Following the reinstatement of five NRL players involved in cocaine abuse allegations, legal expert Andrew Farr offers advice for employers in similar predicaments.
The club’s board reinstated the players following independent legal advice, and on Thursday Greg Bird, Dave Taylor, Beau Falloon, Kalifa Faifai Loa and Jamie Dowling participated in their first training session since the scandal broke.
The case is a timely reminder of how employers should handle one of the most difficult aspects of people management: drugs in the workplace.
According to Andrew Farr, head of the Workplace Relations and Safety practice at Lander & Rogers law firm, the first thing to consider if the employee is in workplace is whether they are safe.
Farr outlined several questions an employer needs to address upon discovering a worker’s drug use:
- Is it safe to leave them in workplace?
- Should the employee be stood aside?
- Do they require medical attention?
- Is it safe to send them home?
- Should you provide access to an employee assistance program?
“Accord procedural fairness,” he advised. “Then the first question comes: should you stand them aside? Most employers would during an investigation, and going forward, act depending on the result of the investigation.”
Farr reminded employers to check their own policy before making any decisions, as well as considering the customs and practice of the workplace.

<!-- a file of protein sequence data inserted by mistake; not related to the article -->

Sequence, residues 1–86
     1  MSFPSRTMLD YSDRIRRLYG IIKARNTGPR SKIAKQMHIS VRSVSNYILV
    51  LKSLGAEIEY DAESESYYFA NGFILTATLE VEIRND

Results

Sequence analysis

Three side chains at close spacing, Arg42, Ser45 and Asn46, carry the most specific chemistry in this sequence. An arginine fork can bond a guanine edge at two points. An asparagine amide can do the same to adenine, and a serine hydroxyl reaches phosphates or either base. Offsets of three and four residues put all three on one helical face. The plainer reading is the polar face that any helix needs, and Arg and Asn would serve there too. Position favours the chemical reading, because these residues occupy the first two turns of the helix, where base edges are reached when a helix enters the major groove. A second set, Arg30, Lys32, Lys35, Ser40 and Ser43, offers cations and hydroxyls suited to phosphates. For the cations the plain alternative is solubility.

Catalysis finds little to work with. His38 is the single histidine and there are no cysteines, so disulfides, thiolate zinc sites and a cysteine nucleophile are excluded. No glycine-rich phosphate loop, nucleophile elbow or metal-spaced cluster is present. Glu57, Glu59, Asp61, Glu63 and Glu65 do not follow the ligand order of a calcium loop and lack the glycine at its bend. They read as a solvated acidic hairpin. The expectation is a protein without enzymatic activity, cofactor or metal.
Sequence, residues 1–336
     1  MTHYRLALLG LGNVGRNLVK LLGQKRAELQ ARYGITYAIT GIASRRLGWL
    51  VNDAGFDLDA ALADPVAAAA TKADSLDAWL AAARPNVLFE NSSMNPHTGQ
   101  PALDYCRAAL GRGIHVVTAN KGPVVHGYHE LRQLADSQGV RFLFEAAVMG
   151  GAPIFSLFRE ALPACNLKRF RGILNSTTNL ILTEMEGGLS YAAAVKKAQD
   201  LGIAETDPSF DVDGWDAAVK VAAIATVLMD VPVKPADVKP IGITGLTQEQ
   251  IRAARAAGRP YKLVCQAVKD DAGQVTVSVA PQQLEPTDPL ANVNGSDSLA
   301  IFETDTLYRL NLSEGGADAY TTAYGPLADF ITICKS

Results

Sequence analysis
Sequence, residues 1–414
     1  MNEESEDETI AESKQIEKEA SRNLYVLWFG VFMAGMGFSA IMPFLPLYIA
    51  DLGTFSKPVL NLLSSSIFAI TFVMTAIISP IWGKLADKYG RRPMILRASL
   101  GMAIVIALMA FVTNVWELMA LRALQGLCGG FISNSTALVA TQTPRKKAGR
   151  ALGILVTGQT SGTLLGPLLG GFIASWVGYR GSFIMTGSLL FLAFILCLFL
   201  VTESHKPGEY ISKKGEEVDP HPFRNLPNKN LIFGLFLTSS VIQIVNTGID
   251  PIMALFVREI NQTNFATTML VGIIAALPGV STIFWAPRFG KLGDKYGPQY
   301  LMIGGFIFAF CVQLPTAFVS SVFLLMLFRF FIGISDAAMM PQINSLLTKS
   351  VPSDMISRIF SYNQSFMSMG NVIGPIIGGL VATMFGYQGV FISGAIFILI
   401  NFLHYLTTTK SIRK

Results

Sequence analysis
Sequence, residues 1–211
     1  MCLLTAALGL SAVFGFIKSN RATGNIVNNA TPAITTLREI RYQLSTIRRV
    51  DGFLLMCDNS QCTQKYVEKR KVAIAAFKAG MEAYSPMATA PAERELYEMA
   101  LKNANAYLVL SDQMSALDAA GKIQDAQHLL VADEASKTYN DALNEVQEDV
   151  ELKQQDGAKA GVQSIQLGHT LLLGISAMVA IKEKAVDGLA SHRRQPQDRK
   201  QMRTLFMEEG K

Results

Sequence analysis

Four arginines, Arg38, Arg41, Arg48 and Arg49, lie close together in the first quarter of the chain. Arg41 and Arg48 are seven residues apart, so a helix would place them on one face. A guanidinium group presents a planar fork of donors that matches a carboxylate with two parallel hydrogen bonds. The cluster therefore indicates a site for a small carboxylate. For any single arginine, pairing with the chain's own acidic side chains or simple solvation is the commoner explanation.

In cases involving the organisation's senior employees, Farr pointed out that they are unlikely to be covered by unfair dismissal law.
“Top talent is unlikely to be covered by UD law, which has a $133,000 high income threshold or award or enterprise agreement coverage,” he told HC. “This means that they have no right to Unfair Dismissal claims, which will likely influence employers’ actions.”
However, Farr pointed out that without checking with the NRL, we cannot be sure whether the Titans players are covered by the NRL enterprise agreement, which would mean they have a claim of unfair dismissal regardless of how much they earn.
“It’s difficult to generalise,” he continued. “Each circumstance is so different – even the method of dismissal will vary. Some employers may want to deal with this as a medical issue, following the approach of many sporting codes.”
For other employers, Farr told HC that if the employee’s misconduct is serious , there are two key options for employers:
- Follow a performance management process, outlining the employer's clear expectations and put in place a first and perhaps final warning, and possibly instigating a testing regime
- Treat the matter as a disciplinary issue and either summarily dismiss if it is so serious or dismiss on notice
- Dismiss for a cause – what the employee has done is misconduct
- Most Employment Agreements for top talent have a ‘no cause’ clause – the employer might exercise their right under that
“While employers can make decisions about the workplace, it’s not an absolute right,” Farr said. “Decisions an employer makes are still subject to the law, and employers must bring themselves within that.”
He referred to individual state laws, anti-discrimination laws, and the broad spectrum of legislation that could affect an employers’ right to terminate.
Farr said that although having a Zero Tolerance policy may strengthen an employer's case from a legal perspective, there’s no use just having a policy.
“Employers need to advise their staff and train employees so they know obligations. There are many weighty factors in assessing whether the employee’s termination could be deemed harsh, unjust or unreasonable –having a policy in place doesn’t automatically equal a fair dismissal.”